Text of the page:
In the early ’70s Roger was an Auckland based socialist activist. He hung around the Resistance Bookshop with likes of Sue Bradford and was a hardcore anti Apartheid activist.
He had a family history to live up to. Granddad Tom Gale ha been in the Communist Party at the Otahuhu Railway workshops. Uncle Len, a high school manual training teacher was also in the Communist Party, then the Socialist Unity Party and is now with the Socialist Party of Aotearoa.
Aunty Grace was also an SUP supporter and cousin Janet joined the Party in the late ’70s. In 1978 Janet travelled to Cuba for a youth festival with Maori radicals Ripeka Evans and Donna Awatere and some SUP comrades. Janet loved Cuba…”An overwhelming experience – to see over 18,000 people from 149 countries, representing over 2,000 organisations – working together under the bright Cuban sun for peace, friendship and anti-imperialist solidarity – the memory will remain with us for a long time.”
Roger’s mum, Irene came from an Australian socialist family. As a 16 year old she led the Communist Party’s Eureka Day March through Melbourne. Up until recent years at least she was Information Officer of the South Australian branch of the communist front, Australian Peace Committee. “Irene Gale steadfastly sustains the family tradition of campaigning for peace and social justice“.
Roger’s Dad, Jim Gale died in 1985 in South Australia. In the early’50s he was president of the Communist Party’s student group at Auckland University, the Socialist Club. From ’58 to ’60 Jim and Irene represented the Communist Party controlled, NZ Peace Council at the Soviet front Institute for Peace and Friendship, in Vienna.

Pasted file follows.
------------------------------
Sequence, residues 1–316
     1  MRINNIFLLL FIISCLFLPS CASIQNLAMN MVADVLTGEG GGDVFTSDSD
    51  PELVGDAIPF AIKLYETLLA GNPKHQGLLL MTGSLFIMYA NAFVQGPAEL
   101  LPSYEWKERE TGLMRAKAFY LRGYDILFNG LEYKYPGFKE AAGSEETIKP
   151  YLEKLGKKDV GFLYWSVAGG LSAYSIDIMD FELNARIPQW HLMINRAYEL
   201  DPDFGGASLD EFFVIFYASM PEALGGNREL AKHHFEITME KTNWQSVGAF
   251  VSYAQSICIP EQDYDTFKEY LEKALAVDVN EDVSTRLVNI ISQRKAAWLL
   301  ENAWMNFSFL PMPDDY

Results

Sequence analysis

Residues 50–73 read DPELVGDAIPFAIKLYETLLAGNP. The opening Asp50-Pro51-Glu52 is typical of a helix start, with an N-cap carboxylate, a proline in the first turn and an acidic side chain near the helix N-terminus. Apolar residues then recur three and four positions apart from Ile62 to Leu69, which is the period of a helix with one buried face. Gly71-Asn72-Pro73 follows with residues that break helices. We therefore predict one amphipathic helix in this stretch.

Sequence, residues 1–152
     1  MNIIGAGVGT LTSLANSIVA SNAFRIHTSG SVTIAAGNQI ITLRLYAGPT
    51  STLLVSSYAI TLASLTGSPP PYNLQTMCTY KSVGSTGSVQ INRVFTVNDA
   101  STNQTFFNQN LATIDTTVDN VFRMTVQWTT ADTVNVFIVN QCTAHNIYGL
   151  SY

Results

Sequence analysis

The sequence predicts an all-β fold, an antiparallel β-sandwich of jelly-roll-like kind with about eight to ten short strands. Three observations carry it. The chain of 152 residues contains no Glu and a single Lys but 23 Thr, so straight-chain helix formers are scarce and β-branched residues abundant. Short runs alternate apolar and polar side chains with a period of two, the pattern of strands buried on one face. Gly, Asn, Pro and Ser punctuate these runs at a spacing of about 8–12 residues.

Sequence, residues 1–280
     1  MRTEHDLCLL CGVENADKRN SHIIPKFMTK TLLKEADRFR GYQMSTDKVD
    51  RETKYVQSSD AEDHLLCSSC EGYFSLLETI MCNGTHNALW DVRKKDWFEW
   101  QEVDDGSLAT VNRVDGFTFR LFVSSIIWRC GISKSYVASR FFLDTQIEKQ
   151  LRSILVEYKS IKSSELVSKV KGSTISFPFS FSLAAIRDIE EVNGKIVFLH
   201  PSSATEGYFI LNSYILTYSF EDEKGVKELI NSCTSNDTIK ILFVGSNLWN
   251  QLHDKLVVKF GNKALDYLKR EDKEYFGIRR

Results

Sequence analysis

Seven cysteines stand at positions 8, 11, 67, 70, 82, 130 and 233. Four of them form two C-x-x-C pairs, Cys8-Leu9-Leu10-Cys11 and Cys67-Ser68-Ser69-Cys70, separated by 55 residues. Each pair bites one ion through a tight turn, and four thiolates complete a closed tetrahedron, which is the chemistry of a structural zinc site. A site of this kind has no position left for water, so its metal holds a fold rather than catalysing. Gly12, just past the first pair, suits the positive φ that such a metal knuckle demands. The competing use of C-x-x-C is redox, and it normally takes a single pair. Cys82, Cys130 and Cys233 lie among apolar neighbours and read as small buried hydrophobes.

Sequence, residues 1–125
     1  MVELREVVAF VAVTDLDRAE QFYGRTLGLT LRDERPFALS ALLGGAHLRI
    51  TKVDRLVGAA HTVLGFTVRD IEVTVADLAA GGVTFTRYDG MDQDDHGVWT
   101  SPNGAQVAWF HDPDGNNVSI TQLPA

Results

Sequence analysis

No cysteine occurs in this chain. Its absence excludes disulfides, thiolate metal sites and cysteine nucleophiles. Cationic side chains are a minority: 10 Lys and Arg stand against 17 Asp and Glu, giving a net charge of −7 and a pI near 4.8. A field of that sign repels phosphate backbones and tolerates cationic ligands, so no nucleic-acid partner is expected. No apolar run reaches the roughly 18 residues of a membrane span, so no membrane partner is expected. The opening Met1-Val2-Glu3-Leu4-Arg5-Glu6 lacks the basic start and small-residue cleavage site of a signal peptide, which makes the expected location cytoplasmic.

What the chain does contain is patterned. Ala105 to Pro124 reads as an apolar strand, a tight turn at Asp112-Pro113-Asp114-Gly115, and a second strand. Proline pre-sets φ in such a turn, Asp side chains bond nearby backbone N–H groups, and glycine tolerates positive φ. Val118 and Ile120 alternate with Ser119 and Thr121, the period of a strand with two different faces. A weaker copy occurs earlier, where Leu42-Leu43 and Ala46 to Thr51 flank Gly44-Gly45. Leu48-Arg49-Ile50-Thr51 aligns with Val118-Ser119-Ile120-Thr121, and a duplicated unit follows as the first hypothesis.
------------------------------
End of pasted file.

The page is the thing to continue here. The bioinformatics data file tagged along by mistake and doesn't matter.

Roger told this webpage why he left Auckland activism, for rural Northland.
His father had been a top anti-apartheid campaigner, a Vice-President of New Zealand’s CARE before moving to Australia, founding CARE there, and he’d chaired an anti-apartheid conference in New York 12 years ago before coming back, early 50s, a fit jogger, and dropping dead within 24 hours. His son suspected BOSS, the former South African secret police organisation.
Roger Gale himself had been an early HART activist. He’d been known to police for daredevil action, but it all stopped when, a few days after an arson at an Auckland rugby grandstand in the 70s, he’d come home from visiting a friend to see a stranger moving away from his house. He searched the flat top to bottom, found the evidence the intruder had planted, and disposed of it just an hour before the police raided his house to nail him. But the fright was real. If the police gambit had succeeded he’d have faced years in jail. He cut away from the movement, and had finished up in Herekino with a 100-acre hardwood plantation and a small business…
Let’s hope there are no strange men with trenchcoats and Seth Effrikan accents skulking around the Northland bush.